Updated: April 30, 2019 9:04:41 pm
The country’s largest lender State Bank of India (SBI) will kickstart a new interest rate regime Wednesday, under which it will link its rate on savings account with a balance above Rs 1 lakh and short-term loans to the Reserve Bank of India’s (RBI) repo rate. SBI had in March announced this decision, which is effective from May 1.
On savings accounts with deposits above Rs 1 lakh, SBI will be providing interest rate to customers that is 275 basis points lower than the Reserve Bank of India’s repo rate, resulting in effective rate of 3.25 per cent per annum as against the 3.5 per cent rate prevalent currently. Accounts with deposits up to Rs 1 lakh will continue to get 3.5 per cent rate.
What is the impact:
The SBI move will ensure that as and when RBI cuts its policy rates, there is an immediate transmission of that reduction in lower market rates. As deposit rates come down, the bank will be in a position to lower lending rates as well. SBI has taken the lead in assisting the RBI’s efforts towards improving interest rate transmission in the economy. So rates will react swiftly to regulatory moves on both sides. While SBI’s move may provide better rate transmission, it also risks losing deposits to other private sector banks which are paying much better (4-6% range) rates to savings account holders.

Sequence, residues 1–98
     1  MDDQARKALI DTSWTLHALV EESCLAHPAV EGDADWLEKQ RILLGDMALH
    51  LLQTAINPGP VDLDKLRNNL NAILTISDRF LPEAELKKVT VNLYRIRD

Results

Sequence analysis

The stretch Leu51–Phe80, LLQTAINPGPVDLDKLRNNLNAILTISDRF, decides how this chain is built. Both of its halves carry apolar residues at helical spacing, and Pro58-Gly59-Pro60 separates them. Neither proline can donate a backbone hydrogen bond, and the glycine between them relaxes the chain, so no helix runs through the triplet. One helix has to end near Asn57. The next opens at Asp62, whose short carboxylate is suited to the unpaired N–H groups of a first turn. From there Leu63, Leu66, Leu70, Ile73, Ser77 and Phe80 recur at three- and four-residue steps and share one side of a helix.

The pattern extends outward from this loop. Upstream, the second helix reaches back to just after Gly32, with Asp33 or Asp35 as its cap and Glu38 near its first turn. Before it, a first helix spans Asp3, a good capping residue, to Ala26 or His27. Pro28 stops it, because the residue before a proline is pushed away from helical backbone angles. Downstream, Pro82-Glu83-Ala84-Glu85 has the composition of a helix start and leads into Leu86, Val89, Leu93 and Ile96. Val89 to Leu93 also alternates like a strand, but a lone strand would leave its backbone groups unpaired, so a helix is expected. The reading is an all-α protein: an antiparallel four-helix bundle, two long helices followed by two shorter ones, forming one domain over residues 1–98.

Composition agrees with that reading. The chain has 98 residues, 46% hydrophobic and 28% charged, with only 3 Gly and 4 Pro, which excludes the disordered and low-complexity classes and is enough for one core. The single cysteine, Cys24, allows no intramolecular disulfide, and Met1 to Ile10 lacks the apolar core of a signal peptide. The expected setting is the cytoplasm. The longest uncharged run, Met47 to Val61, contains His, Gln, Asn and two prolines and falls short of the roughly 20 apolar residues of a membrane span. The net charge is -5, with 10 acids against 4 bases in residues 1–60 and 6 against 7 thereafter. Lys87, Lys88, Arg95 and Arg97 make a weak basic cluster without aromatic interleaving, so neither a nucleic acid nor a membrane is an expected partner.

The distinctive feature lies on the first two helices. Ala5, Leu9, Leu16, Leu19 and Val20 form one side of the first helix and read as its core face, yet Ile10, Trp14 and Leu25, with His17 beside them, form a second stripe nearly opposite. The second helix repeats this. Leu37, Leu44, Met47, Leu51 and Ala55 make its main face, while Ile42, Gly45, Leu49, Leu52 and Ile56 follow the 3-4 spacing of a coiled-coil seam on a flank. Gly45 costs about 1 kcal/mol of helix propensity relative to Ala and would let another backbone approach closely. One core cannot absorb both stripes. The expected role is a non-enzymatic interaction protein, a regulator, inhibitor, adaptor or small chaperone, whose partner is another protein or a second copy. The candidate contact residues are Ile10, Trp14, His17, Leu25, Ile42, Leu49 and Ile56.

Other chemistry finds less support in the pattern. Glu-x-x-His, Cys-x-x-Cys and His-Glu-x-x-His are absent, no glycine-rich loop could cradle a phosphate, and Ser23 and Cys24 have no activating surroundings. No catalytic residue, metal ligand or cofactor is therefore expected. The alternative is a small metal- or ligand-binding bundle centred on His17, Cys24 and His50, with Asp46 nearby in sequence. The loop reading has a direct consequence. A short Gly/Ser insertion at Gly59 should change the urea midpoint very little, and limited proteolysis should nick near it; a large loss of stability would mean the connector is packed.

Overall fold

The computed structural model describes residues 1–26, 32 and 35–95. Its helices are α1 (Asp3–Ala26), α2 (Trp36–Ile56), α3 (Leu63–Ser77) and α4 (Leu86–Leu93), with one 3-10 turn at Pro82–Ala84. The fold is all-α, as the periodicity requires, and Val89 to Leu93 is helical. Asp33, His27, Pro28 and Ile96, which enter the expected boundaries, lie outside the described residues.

What are the other steps:
From May 1, SBI will also link short-term loans such as cash credits and overdraft with limits above Rs 1 lakh to the repo rate, plus a spread of 2.25 per cent; effectively resulting in floor rate of 8.25 per cent. The bank will also charge a risk premium over and above this rates based on customer’s profile. While these short term rates are being linked to repo rate, home loan rates will still be determined by the marginal cost of funds-based lending rate, or MCLR.
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However, as SBI’s deposit cost will decline as a result of the new regime, its MCLR should fall to some extent, providing some scope for lowering home loan rates. Last December, the RBI had asked banks to link their rates to an external benchmark, while giving them the freedom to chose the benchmark.
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